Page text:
For Fenerbahce this season, Bogdanovic was good for 15.9 points in 28.25 minutes per game in Euroleague cumulatively – and 20.5 in just over 32½ in the Top 16 round. Back in Turkey, Bogdanovic averaged 13.0 in 25.3 minutes.
Any buyout of Bogdanovic’s contract would become official on July 1.
Episode #19 of the BallinEurope/ heinnews co-hosted “Taking the Charge” podcast is now online. Bearing a nice Hungarian accent, our centerpiece interview this week will be of great interest to Spanish basketball fans, San Antonio Spurs nation and NBA prospect-watchers, as Team Hungary’s Adam Hanga joins David Hein and yours truly for a solid 20 minutes or so of chat on all manner of subjects.
After wowing international scouts attending the 2009 Adidas Eurocamp in Treviso and announcing his jump from Hungary’s domestic league to the Liga Endesa with Manresa for 2011-12, Hanga became the first-ever Hungarian national to be drafted in the NBA when the Spurs chose him at no. 59 in 2011.
Glimpses into the possible Euro-flavoured future of several NBA teams will begin on Friday with the welcome return of the NBA Europe Live Tour and the Euroleague American Tour. What could inspire a Chicago Bulls fan to catch a Memphis Grizzlies preseason game against Real Madrid? The prospect of checking out Nikola Mirotic, of course!
A handful of rights-owned players will be suiting up to play on both sides of the Atlantic over the next eight days, but today BallinEurope takes a slightly wider view beyond these exciting-but-mostly-irrelevant dozen games. Below a look at five players – a bit of a future dream team, perhaps, though desperately seeking a monstrous big man – taken in recent NBA drafts and currently developing in Europe’s higher levels. And yes, there will be highlights.
Your five for the European present and NBA future, then…
Could David Blatt be panicking? Armed with a retooled roster after last season’s Euroleague disappointment, Maccabi Tel Aviv 2012-13 edition hasn’t overwhelmed in preseason play with little team cohesiveness or incorporation of the Team Russia coach’s patented defensive game plans in evidence. The Israel side washed out in a the four Euroleague-team Domreiter Cup in September before redeeming themselves slightly in Paris, winning the pre-season tourney there last weekend (albeit against lesser competition).
But Blatt offered a solution on Saturday which appears to be a matter of fact now, in light of Pops Mensah-Bonsu’s recent release from the club: “Malcolm [Thomas] is exactly the kind of player you need to play a team like Paris Levallois. He is very athletic, fast and plays above the rim. It brings a lot of energy, but also creates a lot of easy baskets … Thomas is very good at offensive rebounding and he will bring what’s missing [on the team].”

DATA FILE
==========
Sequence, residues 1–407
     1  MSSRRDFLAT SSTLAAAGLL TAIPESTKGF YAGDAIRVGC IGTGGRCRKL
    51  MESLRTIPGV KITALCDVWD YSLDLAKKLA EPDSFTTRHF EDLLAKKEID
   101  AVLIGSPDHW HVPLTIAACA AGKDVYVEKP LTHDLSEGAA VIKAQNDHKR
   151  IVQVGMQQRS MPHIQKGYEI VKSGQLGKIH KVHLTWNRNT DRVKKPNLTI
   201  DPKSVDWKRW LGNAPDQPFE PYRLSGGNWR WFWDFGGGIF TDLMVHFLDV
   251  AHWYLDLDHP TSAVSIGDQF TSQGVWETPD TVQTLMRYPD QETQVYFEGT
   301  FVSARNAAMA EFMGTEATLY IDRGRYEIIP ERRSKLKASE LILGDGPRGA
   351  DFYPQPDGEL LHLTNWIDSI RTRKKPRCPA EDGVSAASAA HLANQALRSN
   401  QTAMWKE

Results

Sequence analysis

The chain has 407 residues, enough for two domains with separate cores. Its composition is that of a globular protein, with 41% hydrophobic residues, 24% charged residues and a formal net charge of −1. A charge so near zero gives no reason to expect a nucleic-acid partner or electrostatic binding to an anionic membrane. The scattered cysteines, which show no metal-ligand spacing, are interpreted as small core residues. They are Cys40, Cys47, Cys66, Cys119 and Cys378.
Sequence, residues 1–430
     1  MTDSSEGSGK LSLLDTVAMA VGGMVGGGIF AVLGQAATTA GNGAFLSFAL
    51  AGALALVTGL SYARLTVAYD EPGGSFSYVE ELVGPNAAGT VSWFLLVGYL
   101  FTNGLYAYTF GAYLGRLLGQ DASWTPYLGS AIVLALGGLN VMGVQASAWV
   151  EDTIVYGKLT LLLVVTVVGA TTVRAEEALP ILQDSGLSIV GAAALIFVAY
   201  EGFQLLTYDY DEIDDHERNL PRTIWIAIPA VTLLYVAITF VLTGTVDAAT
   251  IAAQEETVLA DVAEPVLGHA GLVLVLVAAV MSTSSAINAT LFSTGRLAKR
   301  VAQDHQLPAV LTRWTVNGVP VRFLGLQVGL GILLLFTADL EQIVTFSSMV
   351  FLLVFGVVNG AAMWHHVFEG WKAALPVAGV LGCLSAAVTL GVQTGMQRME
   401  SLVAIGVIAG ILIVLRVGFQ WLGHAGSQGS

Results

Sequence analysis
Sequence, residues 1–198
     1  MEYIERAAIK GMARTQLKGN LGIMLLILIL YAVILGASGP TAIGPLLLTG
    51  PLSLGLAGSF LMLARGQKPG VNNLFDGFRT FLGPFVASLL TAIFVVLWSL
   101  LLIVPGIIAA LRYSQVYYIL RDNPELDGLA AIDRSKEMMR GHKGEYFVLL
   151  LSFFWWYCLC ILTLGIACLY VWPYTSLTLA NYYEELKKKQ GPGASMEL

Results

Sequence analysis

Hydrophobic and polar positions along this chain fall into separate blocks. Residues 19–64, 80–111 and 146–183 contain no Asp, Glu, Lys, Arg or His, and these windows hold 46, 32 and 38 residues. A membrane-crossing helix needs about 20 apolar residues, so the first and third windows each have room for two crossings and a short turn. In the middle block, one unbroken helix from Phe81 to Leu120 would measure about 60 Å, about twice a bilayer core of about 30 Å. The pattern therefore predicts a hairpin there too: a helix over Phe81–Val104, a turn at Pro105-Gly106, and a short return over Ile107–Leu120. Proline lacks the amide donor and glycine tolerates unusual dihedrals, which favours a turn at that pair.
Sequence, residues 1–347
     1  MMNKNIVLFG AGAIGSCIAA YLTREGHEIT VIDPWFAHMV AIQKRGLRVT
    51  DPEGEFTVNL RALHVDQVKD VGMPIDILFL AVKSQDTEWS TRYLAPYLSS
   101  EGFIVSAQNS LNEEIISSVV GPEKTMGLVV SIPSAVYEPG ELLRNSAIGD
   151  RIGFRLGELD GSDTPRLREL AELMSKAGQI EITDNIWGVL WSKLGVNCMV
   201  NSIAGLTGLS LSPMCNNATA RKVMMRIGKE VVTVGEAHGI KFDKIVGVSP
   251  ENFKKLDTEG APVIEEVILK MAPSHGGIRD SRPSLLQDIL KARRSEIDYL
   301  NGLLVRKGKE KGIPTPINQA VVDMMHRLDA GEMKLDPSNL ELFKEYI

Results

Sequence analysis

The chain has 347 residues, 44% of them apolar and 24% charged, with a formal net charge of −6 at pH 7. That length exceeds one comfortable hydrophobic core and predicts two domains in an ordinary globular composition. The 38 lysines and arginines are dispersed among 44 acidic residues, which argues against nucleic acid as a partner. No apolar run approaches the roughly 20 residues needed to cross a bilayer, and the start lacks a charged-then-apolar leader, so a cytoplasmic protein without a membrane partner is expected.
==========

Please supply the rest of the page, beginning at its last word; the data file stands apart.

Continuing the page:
From the folks at FIBA comes a dispatch on the guy who may already be Lithuania’s most popular player in North America, Jonas Valanciunas. Valanciunas arrived in Toronto this week as he begins preparations for the 2012-13 NBA season…
This one’s exactly what the title says; this morning, BallinEurope takes a brief look at five key players competing in the ongoing EuroBasket 2013 qualifying round with NBA contracts signed or rights owned. Let’s get right to it, then, beginning with a couple of reasons Brooklyn Nets fans should be a heckuva lot more optimistic than they were post-D12 rejection.
• Mirza Teletovic, PF – Team Bosnia & Herzegovina, rights owned by the Brooklyn Nets. If Teletovic’s signing by the Nets this offseason could be classified as “under the radar,” the longtime Caja Laboral stud is a massive attention-grabbing phenomenon on the screen right now. The excellently-named From Russia With Dunk proclaimed Teletovic to be “dominating” in EuroBasket 2013 qualifying games; NBC Sports described his play as “tearing it up”; at Ridiculous Upside, he’s “lighting it up” – all statements made with justifiable reason.
BiE doesn’t believe FIBA names a EuroBasket qualifying round MVP, but Teletovic could make quite an impressive case for the theoretical award. The prospective Net boasts a stat line of 25.7 points, 6.2 rebounds, 1.5 steals and 0.7 blocks per game for his 4-2 side. Team Bosnia & Herzegovina has been content to dump the ball inside to Teletovic continuously to the tune of 20.7 shots per game, tops in the qualifiers. Teletovic’s best showings have come against the woefully outmuscled Netherlands, who he’s punished for lines of 33/6 and 36/7.